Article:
Wednesday, September 09, 2009

On "Making Silence Within"

Continuing his General Audience series on the "Great Monks" and the spirituality that made them tick, today the Pope turned to the 11th century Benedictine theologian St Peter Damian -- an "exuberant personality," he said, but one who knew the import of "being silent in ourselves to hear the voice of God":
Writer, Latin scholar, poet, "personally committed to the reform undertaken by the popes" in the eleventh century, but above all a monk, Pier Damiani was born in Ravenna in 1007. An orphan from an early age, his childhood "was not without pain. He received his formation first at Faenza and then Parma. He became a teacher, competent in law and had a "refined skill in the art of composition", becoming "one of the best Latinists of his time".

His "poetic contemplation of the world” pushed him to leave it in 1034, when he entered the recently founded monastery of Fonte Avellana. He described the life of the founder St. Romuald of Ravenna, and "especially the ideal of monastic hermitage”. In connection to this the Pope recalled that the hermit was dedicated to the Holy Cross, “the Christian mystery that fascinated him more than all others". "Those who do not love the Cross - he would say - do not love Christ"....

In Fonte Avellana Peter Damian also drafted the rule, "in the silence of the cloister, monks are called to a life of prayer," of "fasting," "brotherly love" and "availability to the superior". He emphasized the "mystical meanings of the Word of God", he defined the cell as a "parlour where God converses with man”. "This is still important for those of us who are not monks: knowing how to make silence within, to hear the voice of God”. "In prayer and meditation we learn the Word of God in the path of life”.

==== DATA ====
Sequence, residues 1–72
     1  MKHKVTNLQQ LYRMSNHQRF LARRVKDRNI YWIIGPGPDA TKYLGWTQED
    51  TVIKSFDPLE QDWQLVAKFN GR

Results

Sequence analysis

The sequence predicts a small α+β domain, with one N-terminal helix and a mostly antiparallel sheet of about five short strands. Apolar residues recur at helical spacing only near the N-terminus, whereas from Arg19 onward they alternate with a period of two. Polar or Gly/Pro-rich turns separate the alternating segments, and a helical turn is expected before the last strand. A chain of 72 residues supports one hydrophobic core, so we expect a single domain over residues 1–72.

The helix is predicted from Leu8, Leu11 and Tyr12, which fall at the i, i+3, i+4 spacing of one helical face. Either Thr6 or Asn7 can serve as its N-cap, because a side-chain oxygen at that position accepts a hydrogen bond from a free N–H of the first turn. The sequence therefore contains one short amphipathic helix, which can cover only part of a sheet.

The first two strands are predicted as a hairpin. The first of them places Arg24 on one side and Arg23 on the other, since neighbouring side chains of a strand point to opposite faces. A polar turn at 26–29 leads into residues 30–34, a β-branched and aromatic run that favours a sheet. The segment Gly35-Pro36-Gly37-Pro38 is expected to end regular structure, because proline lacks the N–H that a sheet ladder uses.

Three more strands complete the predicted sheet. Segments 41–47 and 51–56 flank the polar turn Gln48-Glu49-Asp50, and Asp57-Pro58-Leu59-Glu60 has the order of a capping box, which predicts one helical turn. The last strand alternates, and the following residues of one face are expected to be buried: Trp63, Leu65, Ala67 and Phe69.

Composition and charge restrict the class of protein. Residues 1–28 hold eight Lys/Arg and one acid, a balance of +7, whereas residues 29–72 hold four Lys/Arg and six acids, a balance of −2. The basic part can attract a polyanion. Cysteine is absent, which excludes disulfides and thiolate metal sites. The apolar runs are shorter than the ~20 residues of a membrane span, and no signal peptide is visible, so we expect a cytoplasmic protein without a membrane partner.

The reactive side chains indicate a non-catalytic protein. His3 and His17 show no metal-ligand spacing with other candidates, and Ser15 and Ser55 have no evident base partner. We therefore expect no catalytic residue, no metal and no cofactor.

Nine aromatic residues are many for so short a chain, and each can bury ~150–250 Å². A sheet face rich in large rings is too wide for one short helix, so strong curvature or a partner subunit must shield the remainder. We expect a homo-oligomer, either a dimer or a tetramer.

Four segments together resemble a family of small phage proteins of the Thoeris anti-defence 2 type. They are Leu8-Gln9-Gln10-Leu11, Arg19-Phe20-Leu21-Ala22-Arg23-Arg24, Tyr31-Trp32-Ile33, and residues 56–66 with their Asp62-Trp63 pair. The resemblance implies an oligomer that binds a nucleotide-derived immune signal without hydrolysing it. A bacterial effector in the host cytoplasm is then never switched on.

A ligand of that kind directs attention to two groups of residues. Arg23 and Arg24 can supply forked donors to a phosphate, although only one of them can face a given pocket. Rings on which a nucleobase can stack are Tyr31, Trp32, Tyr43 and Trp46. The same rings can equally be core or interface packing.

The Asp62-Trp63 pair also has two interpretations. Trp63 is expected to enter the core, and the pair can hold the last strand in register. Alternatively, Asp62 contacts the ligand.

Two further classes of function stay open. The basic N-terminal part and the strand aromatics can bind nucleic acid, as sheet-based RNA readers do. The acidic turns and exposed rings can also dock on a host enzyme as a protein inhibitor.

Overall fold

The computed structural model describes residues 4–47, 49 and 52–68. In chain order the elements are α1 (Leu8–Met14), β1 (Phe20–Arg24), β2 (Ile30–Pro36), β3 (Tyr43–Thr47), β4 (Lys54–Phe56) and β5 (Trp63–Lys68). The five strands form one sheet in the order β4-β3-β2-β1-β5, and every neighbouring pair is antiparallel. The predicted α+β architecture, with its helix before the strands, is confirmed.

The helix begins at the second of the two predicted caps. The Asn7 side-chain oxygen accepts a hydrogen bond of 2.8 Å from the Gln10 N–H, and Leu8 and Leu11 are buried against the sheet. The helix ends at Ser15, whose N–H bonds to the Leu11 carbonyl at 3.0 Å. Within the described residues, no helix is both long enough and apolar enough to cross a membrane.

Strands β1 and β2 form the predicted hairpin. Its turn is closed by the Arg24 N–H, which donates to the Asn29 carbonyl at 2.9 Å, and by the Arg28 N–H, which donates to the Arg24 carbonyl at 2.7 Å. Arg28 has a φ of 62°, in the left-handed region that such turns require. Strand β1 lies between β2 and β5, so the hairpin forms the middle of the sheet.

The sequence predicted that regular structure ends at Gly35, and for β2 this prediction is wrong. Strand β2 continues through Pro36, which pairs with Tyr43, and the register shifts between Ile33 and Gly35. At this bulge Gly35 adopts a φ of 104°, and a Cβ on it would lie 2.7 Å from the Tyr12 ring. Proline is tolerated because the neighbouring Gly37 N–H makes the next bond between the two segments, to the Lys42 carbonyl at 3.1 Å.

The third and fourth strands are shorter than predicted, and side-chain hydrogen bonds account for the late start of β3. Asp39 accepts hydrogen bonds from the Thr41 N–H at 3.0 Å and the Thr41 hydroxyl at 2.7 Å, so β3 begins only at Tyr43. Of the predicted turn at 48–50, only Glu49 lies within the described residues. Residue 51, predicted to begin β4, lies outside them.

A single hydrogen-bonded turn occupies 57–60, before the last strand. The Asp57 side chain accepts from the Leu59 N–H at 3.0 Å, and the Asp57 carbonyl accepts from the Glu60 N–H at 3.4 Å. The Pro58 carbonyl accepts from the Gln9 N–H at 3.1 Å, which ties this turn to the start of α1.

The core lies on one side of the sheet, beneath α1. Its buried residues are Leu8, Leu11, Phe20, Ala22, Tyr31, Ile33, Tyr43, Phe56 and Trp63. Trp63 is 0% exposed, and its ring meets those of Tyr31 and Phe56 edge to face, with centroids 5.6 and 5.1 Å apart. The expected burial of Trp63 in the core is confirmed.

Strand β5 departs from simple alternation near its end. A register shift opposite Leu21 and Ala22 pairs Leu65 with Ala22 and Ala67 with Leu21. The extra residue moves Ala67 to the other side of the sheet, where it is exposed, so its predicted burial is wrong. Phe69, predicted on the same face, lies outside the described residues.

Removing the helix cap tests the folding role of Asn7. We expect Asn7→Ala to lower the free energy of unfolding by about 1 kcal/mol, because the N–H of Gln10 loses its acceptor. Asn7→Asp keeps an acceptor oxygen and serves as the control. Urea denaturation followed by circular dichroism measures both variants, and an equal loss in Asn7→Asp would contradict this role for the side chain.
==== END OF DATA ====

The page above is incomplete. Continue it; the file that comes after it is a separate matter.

In his theological work Peter Damian "sets out with clarity and brilliance the doctrine of the Trinity" and describes the Church as Communion, "the Church is united by the bond of charity" and "the whole universal Church is rightly called the only bride of Christ, in the singular”. Peter Damian, however, knows that "this ideal image does not match the reality of his time; he does not hesitate to denounce the corruption that exists in the monasteries and the clergy in particular the practice of conferring on secular authorities the investiture of ecclesiastical offices. Several bishops and abbots behaved more like governors of subjects than pastors of souls". So in 1057 he accepted an appointment as Cardinal of Ostia and began working with the popes in the reform of the Church. "He renounced the beauty of the Hermitage and courageously undertook numerous journeys and missions”....

"It's a great grace - commented the Pope - that God raised such an exuberant personality in the life of the Church." "He was a monk to the end - he concluded - with forms of austerity that today might seem excessive, and thus made monastic life an eloquent testimony to the primacy of God", he is "a reminder to all to walk towards holiness free from any compromise with evil" not to "be entirely absorbed by the activities, problems and worries of every day, forgetting that Jesus must be truly in the centre of our lives".
Among others, B16 dedicated last week's reflection to another Benedictine -- the 10th century abbot St Odo of Cluny, breaking from the thread a week earlier to devote an audience not to a person, but an issue: the safeguarding of creation.

Though today's appearance took place at the Vatican, the pontiff choppered in for the morning from Castel Gandolfo; keeping with his custom, Papa Ratzi won't return to the Apostolic Palace full-time til month's end.